Ben Shave of Supporters Direct reflects on how another supporters’ trust has successfully negotiated the choppy seas of administration and financial meltdown.
This month has seen another landmark for the supporters’ trust movement, with the Pompey Supporters Trust (PST) becoming majority owners of Portsmouth FC – the culmination of their mission to turn what was memorably dubbed “one of the most unhappy sagas in English football’s history of club ownership” by Guardian football journalist David Conn into “the biggest community club in Britain”.
The troubles heaped onto Pompey by a succession of unscrupulous owners still retain the power to shock, as illustrated by the continuing level of coverage the story has received. Quite apart from providing yet another example of how not to run a football club, the Portsmouth tale shows once again that when a crisis at a football club is at its height, the only people who can truly be relied upon are supporters.
The PST have persevered in their determination to put their club back in the hands of the local community. From their ongoing ”One Community, One Club” Community Shares scheme to Pompey’s 12th Man initiative, PST members and Portsmouth fans have raised finance, recruited people to the cause, and presented a realistic, viable, sustainable alternative to what had gone before.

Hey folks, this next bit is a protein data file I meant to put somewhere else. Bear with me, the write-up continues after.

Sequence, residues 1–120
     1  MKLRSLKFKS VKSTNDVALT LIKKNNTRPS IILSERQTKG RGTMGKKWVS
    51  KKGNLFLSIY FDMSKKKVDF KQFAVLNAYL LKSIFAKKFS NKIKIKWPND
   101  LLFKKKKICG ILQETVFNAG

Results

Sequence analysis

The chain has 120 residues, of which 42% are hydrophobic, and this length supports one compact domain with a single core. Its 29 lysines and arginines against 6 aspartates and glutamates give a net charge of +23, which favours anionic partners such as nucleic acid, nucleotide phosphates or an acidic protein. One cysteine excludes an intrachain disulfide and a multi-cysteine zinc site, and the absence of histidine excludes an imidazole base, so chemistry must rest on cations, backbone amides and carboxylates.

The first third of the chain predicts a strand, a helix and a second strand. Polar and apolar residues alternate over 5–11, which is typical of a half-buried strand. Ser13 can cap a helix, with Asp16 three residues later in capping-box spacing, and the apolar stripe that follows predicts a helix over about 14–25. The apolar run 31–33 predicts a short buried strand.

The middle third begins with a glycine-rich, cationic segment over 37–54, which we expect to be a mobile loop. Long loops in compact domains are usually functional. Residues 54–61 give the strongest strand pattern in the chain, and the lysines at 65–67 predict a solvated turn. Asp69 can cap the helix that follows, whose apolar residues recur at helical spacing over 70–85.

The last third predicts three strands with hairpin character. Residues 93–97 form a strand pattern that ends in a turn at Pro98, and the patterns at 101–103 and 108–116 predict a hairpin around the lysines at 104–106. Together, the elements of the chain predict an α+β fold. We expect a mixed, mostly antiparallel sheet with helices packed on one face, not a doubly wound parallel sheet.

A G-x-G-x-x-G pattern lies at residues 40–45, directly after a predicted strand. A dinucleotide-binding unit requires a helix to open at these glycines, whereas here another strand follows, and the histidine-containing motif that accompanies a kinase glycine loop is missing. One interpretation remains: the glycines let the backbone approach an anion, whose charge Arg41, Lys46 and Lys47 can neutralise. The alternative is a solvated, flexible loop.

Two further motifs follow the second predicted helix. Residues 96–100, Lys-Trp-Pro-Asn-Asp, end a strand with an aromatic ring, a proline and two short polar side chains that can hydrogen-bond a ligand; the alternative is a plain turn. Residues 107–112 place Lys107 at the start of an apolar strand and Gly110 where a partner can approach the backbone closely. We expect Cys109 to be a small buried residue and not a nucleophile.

Their efforts have paid off, but even before the PST formally took control it was clear that the drive to bring community ownership to Pompey had moved beyond the city itself. Supporters’ trusts from the UK and beyond have all given their backing to the PST, along with a host of other stakeholders – local businesses, politicians and even Premier League chief executive Richard Scudamore, who recently stated that “We are supportive of the position being taken by the Football League in relation to the Portsmouth Supporters Trust as long as it meets the legal and regulatory requirements of the process. We hope that it does, and that the process is concluded as quickly as is practical and to the long-term benefit of the club.”
Despite confirmation of relegation to League 2 on the pitch, the long-term benefit referred to by Scudamore is now a more realistic prospect than at any time in the past decade. We all know that football is about far more than what happens over the course of 90 minutes on a Saturday afternoon – it is about identity, shared experiences, and creating sustainable institutions that exist for the good of the whole community, not simply for a few individuals.